Furthermore, facebook has a history of shutting down popular fanpages, groups and profiles.  In addition to Roger Ebert’s page going down mentioned earlier, they also shutdown a fan page for Realtors which had over 47,000 fans, and Robert Scoble’s profile in 2008. Facebook can give you all the tools you need  to connect with your audience and marketing insights you need carry out effective campaigns. But at the end of the day they ultimately have the final say if you get to use those tools or not.

Lack of Customer Support

If your profile is disabled, fanpage goes down or app isn’t working, how are you going to get help?  Is there a number to call? No! For a company with such a large base of developers and high-spend advertisers, you’d assume there would be a better way of getting instant help.  But there isn’t.  Some users take their questions and frustrations to Twitter where in some cases it generates so much buzz that Facebook reps are forced to respond immediately.

No Respect For Users’ Privacy

Facebook is locked in constant battle with users over its privacy controls.  One of the most annoying and frustrating things most users find with Facebook, is the default position of ‘opt-in’ to being set to ON whenever they introduce a new feature.  More recently, Facebook introduced a face recognition feature which groups similar faces together to make tagging of your friends easier.  This angered and annoyed many users as the feature was ‘on’ by default without users’ knowledge.  A history of disrespect for users’ privacy has led the lawmakers to ask Federal Trade Commission (FTC) to probe Facebook. If Facebook’s leadership has no respect for their users’ privacy what do they have to ensure you trust them with your brand?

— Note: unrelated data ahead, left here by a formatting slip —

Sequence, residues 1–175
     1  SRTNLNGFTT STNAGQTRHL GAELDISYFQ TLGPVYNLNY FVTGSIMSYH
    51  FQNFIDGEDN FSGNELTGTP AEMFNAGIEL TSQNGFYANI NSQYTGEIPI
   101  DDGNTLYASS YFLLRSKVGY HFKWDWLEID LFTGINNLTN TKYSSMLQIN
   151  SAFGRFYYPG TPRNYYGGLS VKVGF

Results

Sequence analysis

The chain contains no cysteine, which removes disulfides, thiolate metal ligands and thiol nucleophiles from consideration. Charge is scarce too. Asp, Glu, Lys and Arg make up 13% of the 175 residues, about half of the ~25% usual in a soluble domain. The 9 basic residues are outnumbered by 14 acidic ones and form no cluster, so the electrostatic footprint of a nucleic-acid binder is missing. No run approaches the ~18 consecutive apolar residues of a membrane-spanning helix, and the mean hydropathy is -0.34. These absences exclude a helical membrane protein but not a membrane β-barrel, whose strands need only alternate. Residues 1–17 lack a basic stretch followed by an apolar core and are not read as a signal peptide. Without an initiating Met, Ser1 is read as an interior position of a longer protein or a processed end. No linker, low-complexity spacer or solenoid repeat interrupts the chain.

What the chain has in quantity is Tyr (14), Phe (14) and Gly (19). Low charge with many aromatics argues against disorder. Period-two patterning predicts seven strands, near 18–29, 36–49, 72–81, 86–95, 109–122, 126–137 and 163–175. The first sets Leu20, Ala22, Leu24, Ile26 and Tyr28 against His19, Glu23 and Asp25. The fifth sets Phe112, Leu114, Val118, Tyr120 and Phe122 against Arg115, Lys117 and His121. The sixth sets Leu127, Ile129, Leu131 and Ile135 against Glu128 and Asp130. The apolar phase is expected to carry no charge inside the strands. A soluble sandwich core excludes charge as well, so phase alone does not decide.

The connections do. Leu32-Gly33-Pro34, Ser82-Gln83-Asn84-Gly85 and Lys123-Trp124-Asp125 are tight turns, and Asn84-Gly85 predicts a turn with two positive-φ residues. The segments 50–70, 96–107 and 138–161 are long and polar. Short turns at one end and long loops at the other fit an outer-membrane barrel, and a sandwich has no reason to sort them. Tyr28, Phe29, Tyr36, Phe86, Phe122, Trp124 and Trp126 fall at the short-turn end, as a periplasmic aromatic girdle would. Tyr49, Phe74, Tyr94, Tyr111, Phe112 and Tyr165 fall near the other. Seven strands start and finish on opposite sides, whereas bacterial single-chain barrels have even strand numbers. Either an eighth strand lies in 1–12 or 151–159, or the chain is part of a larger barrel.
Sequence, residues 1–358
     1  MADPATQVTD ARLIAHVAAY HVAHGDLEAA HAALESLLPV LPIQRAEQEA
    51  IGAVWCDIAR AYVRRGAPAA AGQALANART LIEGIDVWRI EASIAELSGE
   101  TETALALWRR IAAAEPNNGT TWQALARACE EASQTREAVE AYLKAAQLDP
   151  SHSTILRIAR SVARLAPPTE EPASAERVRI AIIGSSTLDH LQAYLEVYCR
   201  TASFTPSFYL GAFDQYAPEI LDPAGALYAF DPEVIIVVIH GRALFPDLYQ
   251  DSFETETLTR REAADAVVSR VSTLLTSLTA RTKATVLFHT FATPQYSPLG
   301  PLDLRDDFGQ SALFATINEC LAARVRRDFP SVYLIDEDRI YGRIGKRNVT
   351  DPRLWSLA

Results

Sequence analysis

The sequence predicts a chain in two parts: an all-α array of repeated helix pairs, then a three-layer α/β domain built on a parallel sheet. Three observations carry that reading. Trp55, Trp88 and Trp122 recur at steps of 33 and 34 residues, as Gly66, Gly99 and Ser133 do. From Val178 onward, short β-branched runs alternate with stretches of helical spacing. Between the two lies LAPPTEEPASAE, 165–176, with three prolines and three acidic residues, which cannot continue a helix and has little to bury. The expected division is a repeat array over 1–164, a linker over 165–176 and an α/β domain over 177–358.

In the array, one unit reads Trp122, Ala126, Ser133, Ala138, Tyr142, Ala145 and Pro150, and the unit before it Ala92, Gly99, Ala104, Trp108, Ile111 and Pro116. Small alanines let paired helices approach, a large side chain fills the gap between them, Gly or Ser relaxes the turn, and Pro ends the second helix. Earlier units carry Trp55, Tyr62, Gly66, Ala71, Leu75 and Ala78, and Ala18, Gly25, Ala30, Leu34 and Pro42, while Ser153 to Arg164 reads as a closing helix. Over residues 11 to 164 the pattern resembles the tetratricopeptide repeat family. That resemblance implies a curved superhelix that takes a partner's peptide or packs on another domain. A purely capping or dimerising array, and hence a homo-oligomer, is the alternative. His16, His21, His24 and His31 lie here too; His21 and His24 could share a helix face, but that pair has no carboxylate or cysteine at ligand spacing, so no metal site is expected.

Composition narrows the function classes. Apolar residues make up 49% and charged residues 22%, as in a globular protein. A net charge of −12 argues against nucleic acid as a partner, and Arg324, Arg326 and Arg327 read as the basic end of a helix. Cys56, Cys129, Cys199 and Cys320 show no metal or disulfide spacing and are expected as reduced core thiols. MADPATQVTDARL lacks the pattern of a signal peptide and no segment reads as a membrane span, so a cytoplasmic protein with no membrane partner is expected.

Unethical Business Practices

This post is full of examples of Facebook’s bad behavior, but the incident involving Facebook paying off a PR firm to smear Google takes the cake. These kinds of tactics are usually reserved for dying, spineless and desperate companies.  Is Facebook really that insecure about Google’s latest attempt at ‘social networking’ with Google+?

Spam and Phishing

Spam and Phishing is nothing new.  As the users shift their time spent on internet to Facebook, so do the spammers and scammers. These illegal activities come in different forms. Some are disguised as legitimate applications, others are just links or fan pages.  Spammers and phishers can quickly hijack latest craze, event or even a brand, and disguise it as a legitimate app or a fan page.  If Facebook scammers can exploit Steve Jobs’ death and take advantage of naive and unassuming Facebook users, what’s there to stop them from hijacking your brand?

To conclude, there is absolutely nothing wrong with using Facebook as a marketing channel and a place to connect with your customers, fans and followers.  However, I would be wary of treating it as the only online marketing channel and a central hub of all your online activity.  Instead, you need diversify and setup a hub of all your activity elsewhere.  A place where you have more control and that connects to your other online properties, including your Facebook fanpage.